Iceland is a dramatic country with Viking heritage, a rich economy, and vivid scenery.
The Mountain from Game of Thrones is born here, among the Icelandic fjords, volcanoes, geysers, hot springs, lava fields, and massive glaciers. People are 17% richer than Americans on average and have every perk of the modern world. But you can’t find a single McDonald’s on the island.
Icelanders don’t mind fast food, as they dine out every other day. But McDonald’s just can’t figure out how to survive among fjords, volcanoes and hot springs.
The fast-food chain has more than 38,000 restaurants globally, serving 69 million people every day. McDonald's is the most recognizable restaurant brand in the world. The Big Mac, Happy Meal, and the long special fries mark the fast-food industry.
McDonald's is a cultural phenomenon in Europe. Having golden arches In your city means more than Big Macs and Signature fries. The entrance to the first McDonalds in Moscow proudly presents photos of the opening day. The restaurant is a symbol of globalization. The phrase McDonalisation is also making rounds.
The year is 1990, and five thousand Russians flock in to try the taste of American fast food, forming a mile-long line. The waiting time is six hours. East Germany follows in the same footsteps. Iceland is not different. The first McDonald’s opens its revolving door in 1993 to a similar scenario. Peoples are taking vacation time to wait in line and order burgers and fries.
Today, McDonald's is not the symbol of globalization and freedom anymore. The franchise is just another restaurant, holding nothing special for the community it serves. The food quality is questionable at best, and new generations frown upon having dinner at the franchise. Millennials aren’t loving it.
McDonald's is trying to shake off the image of a greasy-arteries-clogging-junk diner, often having to prove they’re actually selling real food. People are not totally convinced the Beef patios and Chicken nuggets come from actual meat.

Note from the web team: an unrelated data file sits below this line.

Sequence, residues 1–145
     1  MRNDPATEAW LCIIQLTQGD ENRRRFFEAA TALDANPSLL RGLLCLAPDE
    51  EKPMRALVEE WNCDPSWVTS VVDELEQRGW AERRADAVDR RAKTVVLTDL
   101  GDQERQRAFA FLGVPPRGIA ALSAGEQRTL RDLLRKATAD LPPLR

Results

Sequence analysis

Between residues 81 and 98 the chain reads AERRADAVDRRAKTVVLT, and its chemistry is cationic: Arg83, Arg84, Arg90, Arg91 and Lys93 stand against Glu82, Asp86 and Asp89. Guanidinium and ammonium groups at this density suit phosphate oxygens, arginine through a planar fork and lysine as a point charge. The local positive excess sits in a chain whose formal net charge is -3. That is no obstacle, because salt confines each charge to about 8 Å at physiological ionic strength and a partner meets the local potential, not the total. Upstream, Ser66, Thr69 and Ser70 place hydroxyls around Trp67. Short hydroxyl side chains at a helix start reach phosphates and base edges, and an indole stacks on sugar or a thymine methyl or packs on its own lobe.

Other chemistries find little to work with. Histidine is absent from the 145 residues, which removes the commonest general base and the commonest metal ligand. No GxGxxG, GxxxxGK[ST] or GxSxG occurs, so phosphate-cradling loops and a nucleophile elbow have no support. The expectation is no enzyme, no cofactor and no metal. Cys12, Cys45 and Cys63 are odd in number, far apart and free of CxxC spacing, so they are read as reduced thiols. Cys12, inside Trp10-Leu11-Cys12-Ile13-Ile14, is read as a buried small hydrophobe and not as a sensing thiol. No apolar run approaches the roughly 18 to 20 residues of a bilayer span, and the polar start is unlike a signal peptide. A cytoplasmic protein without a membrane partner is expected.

The health benefits are up for debate, but that is not the main reason behind Mcdonald's leaving Iceland.
Iceland is a special place on the planet with 300,000 inhabitants, white nighs, polar lights, and different global influences. Not only is there no McDonald’s but there is also no Starbucks, no casinos, and no army.
Yet, the quality of life, physical wealth, and overall happiness index are among the highest in the world. Iceland holds unemployment under 4%, and if you ever play Plague Inc, you can see that even pandemics struggle to damage the island.
McDonald's comes in through the grand door in 1993, and almost every local newspaper runs a story about the global brand. 15 years later, McDonald's can’t keep the prices in check anymore.
The geopolitical picture makes Iceland extremely unfavorable for any business that requires imported products. McDonald’s struggles with simple ingredients like onions, where a 2-pound bag costs almost like an expensive malt whiskey.
The final decision comes around the price of Big Mac. Icelanders still love the franchise, but nobody wants to overpay fast food. The price of Big Mac reaches $6.36, making it the most expensive Big Mac of 2009. Today, Switzerland holds the throne with $6.82 Big Macs.
The population out of money, and McDonald's out of onions, conclude that business is no longer an option. McDonald's issues a retreat and the franchise closes on the same year. Today, 12 years later, McDonald’s is not even planning to go back.
The last McDonald’s cheeseburger ever sold in Iceland is still alive and preserved, 11 years later. You can take a selfie with it if you ever visit the South of Iceland.
The shops that once served signature fries and Big Macs are now called Metro. The brand is copying off the McDonald’s fame, and you still have to pay a lot to eat a burger there.
Iceland is one of the most exotic touristic destinations, inviting billions of dollars each year. McDonald’s is out of the country with no plans of coming back. But you can still enjoy a variety of fast food options.
Domino’s, Subway, and KFC are thriving in Iceland, even though the price can make you dizzy. The regular fast food meal is more expensive than in New York, London, or Bejing.